Donald Trump’s upset win all but guarantees that big changes are ahead for health care in America. But Massachusetts’ groundbreaking reforms of a decade ago will probably shield the state from too much upheaval.
Trump has vowed to repeal President Obama’s Affordable Care Act, also known as Obamacare, a position backed by the congressional Republicans who retained control of the House and Senate. But the state was ahead of the game, pushing through its own overhaul in 2006 that helped reduce the share of residents without health insurance to about 3 or 4 percent.
“We are probably better insulated from any state in the country to federal changes — not completely insulated, but better insulated — partly because our reforms predated the Affordable Care Act, and partly because there is a political consensus in the state that our reforms are working well,” said Andrew Dreyfus, chief executive of the state’s largest health insurer, Blue Cross Blue Shield of Massachusetts.
Trump has railed against Obamacare, calling it a “disaster” in the final weeks of the campaign after the government disclosed that premiums for a key group of health plans available under the law would soar by an average of 25 percent. Most health plan premiums in Massachusetts, where the insurance market is more stable, are rising at slower clips.
But Trump has offered few specifics about how he would replace the law, which extended health insurance coverage to 20 million more Americans, prevented insurance companies from denying coverage to people with pre-existing conditions, allowed young adults to stay on their parents’ health plans until age 26, and pushed doctors and hospitals to adopt new payment systems.
“If they’re serious about this ‘repeal and replace,’ there is still going to be a lot of chaos when it comes to health policy [nationally]” said Lora Pellegrini, president of the Massachusetts Association of Health Plans.
Stephen Rosenfeld, interim director of the advocacy group Health Care For All, said repealing the national health care law would be disastrous for the country and could result in cutbacks to health coverage in Massachusetts. But, he said, “We were there first… We have in place a state law that can’t be repealed by the Trump administration.”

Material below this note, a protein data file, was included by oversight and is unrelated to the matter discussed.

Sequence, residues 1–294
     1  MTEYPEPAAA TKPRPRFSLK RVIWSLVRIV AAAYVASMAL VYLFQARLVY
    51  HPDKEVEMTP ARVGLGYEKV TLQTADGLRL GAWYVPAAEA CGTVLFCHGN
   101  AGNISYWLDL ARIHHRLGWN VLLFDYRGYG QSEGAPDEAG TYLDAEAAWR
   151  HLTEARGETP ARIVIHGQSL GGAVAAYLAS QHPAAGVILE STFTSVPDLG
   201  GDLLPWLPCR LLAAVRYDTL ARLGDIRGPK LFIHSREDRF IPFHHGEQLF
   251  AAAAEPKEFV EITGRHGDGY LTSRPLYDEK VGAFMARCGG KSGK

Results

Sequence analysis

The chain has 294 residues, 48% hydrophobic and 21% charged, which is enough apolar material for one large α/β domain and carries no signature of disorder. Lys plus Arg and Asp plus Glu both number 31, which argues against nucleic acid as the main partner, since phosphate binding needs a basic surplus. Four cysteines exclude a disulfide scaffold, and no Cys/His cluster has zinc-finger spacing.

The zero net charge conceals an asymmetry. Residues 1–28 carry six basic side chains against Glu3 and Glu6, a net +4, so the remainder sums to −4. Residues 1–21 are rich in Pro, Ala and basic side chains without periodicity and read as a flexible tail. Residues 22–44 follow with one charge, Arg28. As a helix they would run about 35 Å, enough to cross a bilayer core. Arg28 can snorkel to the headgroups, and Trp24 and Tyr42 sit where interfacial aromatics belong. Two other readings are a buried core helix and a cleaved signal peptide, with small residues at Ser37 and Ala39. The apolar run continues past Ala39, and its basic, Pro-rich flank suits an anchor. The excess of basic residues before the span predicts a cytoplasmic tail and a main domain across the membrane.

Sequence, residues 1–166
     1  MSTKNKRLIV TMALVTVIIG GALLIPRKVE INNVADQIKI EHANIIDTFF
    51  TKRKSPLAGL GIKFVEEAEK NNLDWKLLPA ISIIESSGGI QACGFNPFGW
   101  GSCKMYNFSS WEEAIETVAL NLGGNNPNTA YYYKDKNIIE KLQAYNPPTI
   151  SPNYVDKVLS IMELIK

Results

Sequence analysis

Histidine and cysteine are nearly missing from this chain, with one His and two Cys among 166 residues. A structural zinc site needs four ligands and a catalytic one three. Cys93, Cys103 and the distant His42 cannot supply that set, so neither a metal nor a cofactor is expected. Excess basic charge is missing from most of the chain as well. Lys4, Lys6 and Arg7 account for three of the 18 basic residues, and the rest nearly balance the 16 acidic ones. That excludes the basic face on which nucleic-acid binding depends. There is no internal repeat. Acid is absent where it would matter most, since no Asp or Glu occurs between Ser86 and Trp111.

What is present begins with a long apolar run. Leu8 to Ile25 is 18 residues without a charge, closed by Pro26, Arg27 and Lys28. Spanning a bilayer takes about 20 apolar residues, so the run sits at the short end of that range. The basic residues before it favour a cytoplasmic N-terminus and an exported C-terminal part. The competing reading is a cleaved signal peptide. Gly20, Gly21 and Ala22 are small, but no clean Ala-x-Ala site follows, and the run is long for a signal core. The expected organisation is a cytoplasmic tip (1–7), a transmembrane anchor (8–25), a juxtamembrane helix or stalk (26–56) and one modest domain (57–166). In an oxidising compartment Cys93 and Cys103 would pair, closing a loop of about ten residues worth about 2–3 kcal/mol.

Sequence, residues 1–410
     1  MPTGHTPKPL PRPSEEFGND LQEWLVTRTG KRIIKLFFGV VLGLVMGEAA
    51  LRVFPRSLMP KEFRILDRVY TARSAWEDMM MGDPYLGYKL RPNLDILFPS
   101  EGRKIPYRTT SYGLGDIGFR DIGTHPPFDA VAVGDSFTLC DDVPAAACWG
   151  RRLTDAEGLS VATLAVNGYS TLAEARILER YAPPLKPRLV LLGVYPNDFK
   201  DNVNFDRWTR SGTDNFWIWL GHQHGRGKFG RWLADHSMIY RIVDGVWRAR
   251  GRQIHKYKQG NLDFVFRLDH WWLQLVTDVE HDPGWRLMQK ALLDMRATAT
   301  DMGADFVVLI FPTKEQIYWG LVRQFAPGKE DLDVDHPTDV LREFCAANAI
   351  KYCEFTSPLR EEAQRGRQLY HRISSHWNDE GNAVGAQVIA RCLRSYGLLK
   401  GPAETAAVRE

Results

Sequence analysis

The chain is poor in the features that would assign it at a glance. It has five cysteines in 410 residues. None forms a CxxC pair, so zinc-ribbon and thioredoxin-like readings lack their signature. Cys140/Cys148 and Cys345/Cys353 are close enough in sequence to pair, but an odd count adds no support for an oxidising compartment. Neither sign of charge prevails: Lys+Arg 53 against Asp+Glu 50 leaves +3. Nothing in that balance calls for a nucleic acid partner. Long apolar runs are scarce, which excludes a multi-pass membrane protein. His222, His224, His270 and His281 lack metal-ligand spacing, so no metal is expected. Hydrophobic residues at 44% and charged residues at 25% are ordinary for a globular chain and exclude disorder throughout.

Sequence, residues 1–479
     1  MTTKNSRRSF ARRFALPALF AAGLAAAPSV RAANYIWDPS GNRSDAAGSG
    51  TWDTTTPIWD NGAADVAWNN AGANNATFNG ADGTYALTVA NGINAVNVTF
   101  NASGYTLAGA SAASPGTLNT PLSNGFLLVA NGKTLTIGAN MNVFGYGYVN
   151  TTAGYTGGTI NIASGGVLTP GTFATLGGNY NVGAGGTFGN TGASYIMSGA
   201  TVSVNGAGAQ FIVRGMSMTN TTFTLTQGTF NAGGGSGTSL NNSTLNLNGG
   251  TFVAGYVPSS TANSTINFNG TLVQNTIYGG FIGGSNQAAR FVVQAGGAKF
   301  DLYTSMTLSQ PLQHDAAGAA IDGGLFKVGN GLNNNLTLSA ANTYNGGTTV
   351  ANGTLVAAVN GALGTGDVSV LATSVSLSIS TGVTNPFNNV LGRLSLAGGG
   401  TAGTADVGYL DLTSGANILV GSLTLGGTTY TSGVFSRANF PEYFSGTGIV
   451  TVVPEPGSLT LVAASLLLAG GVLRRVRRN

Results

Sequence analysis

The Massachusetts health care law, like the federal law, expanded Medicaid coverage to more low-income residents and established an exchange where residents can buy commercial health plans, many of them receiving subsidies to help offset the costs.
Dr. Howard Grant, chief executive of Burlington-based Lahey Health, also said he hopes Trump and Republican House and Senate leaders will find a solution that doesn’t kick millions of people off health insurance rolls.
“There’s some powerful things that happened with the Affordable Care Act that hopefully reasonable people will recognize and try to preserve,” Grant said. “It would be unconscionable for us to do anything that would result in large numbers of people losing coverage.”
It’s unclear whether a possible repeal of the national health care law will affect the state’s so-called Medicaid waiver — an agreement with federal officials to fund health coverage for poor and low-income residents. Governor Charlie Baker’s administration wrapped up a deal with the Obama administration last week that provides $29.2 billion in federal dollars over five years to help Massachusetts fund Medicaid, known here as MassHealth.
“If [the Affordable Care Act] is repealed or dramatically changed, it could affect our waiver,” said Lynn Nicholas, president of the Massachusetts Health and Hospital Association. “Between Medicare and Medicaid, we have a lot of federal dollars at stake.”
Another question is whether the Trump administration would continue to push the health care industry to replace the traditional fee-for-service system of paying for care with new business models that reward doctors and hospitals for keeping patients healthy and out of hospitals. The Affordable Care Act established a new federal innovation center to push such changes in Medicare, the government program that insures seniors.
Nicholas said health systems are likely to continue adopting alternative payments, sometimes called accountable care, regardless of the election results.
Blue Cross’ Dreyfus, who has participated in health policy meetings with Republican and Democratic leaders in Washington, said there appears to be some bipartisan support for changing the way health care is paid for. “There’s a lot of agreement around the need for affordability, and value-based payments is one way to do that,” he said.
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